All devices have a hard-coded firmware flash webpage at (I recommend not going to this page unless you know what you are doing):


Dumping and decrypting wifi packets

There are 2 ways to intercept traffic from a wifi network. In any case, tshark must be installed (it is part of the Wireshark package)

  1. Intercepting WIFI traffic from a laptop/desktop (with a good wireless network card which support monitoring mode) connected to a WIFI router.
  2. Use a RaspberryPI as a WIFI router. This is the most convenient and the simplest. RaspAP is a perfect tool.

Option 1

Intercept and dump to a file, which will be read after (in my example I'm using a MacbookPro).

tshark -i en0 -I -w output.pcap

Now open the Chacon Home application and refresh over the registered sockets to generate some traffic or you can also turn the sockets on or off. You can stop the interception of traffic when you consider that you have generated enough traffic and so we can look in the dump.

tshark -r output.pcap -Y udp -Y udp.dstport==8530 -Y udp.srcport!=8530  -T fields -e data -e ip.addr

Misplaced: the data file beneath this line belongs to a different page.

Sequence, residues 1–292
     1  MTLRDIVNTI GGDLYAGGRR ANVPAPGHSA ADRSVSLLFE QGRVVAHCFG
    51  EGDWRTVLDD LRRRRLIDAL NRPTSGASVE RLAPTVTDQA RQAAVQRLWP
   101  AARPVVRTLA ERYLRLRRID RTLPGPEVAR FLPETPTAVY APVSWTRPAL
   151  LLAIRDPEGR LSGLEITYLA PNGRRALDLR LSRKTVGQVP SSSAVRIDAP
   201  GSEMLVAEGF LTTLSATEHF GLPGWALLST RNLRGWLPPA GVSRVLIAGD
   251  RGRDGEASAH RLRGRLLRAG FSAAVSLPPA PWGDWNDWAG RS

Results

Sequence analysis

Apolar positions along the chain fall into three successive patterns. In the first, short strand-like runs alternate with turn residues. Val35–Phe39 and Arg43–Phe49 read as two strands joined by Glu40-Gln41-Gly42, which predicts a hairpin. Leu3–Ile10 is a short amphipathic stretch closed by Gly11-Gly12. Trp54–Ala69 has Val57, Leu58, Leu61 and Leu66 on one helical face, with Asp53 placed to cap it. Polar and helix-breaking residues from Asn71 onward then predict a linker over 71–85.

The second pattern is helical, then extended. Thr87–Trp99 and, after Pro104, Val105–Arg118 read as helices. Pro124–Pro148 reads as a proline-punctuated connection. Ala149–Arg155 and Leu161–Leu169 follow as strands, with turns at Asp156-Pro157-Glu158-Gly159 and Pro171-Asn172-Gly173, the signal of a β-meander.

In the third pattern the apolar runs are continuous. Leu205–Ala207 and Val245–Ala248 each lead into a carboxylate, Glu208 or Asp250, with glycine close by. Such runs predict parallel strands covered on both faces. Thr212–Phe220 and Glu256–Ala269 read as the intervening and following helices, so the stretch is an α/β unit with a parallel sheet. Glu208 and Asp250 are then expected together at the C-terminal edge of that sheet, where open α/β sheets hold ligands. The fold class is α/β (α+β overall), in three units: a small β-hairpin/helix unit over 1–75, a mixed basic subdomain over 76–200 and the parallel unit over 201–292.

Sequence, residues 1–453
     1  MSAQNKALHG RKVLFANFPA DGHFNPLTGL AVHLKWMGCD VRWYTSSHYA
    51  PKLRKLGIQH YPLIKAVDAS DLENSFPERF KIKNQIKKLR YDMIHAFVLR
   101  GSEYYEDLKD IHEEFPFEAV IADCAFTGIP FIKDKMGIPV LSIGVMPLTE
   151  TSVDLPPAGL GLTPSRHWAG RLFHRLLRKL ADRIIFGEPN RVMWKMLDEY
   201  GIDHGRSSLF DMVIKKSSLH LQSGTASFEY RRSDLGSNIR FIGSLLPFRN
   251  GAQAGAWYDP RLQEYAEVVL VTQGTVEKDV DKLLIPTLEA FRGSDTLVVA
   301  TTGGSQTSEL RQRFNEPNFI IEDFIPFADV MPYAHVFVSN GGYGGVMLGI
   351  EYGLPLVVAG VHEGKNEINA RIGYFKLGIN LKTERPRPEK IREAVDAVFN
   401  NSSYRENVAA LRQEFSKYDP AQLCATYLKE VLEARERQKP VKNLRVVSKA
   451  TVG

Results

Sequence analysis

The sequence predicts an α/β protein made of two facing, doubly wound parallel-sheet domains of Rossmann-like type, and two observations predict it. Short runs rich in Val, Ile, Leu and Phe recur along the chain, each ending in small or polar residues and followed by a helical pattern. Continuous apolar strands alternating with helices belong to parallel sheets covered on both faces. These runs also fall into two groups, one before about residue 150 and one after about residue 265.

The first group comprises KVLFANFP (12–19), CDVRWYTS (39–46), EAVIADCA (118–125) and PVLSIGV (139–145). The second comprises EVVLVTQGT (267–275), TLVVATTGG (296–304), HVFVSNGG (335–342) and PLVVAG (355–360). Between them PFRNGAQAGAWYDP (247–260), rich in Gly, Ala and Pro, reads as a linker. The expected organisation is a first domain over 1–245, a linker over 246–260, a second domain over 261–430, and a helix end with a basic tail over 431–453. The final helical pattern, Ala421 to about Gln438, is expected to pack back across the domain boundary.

Sample output:

Option 2

Intercept traffic directly from your wireless router.

tshark -i wlan0  -Y udp -Y udp.dstport==8530 -Y udp.srcport!=8530  -T fields -e data -e ip.addr

Output should be the same as above.

Well, these packets seem familiar to some extent, for example we can understand that "ffffffffffff" is the broadcast address for example and in other cases you will see the mac of the socket. The first part seems to be a constant but after the mac address .... pause. The rest of the packet seems to be encrypted so we need to find the encryption type and key. The easiest way is to use a java decompiler (Bytecode Viewer, Jadx, etc.) and so you can open the Chacon Home application and search for the key. I won't go into details but that's how I found the key.

Encryption key: 1234567890abcdef
Encryption type: AES/CBC/NoPadding

The encryption part is a bit unclear to me, I have to study a little more. In the application I see the following:

public class EspAES {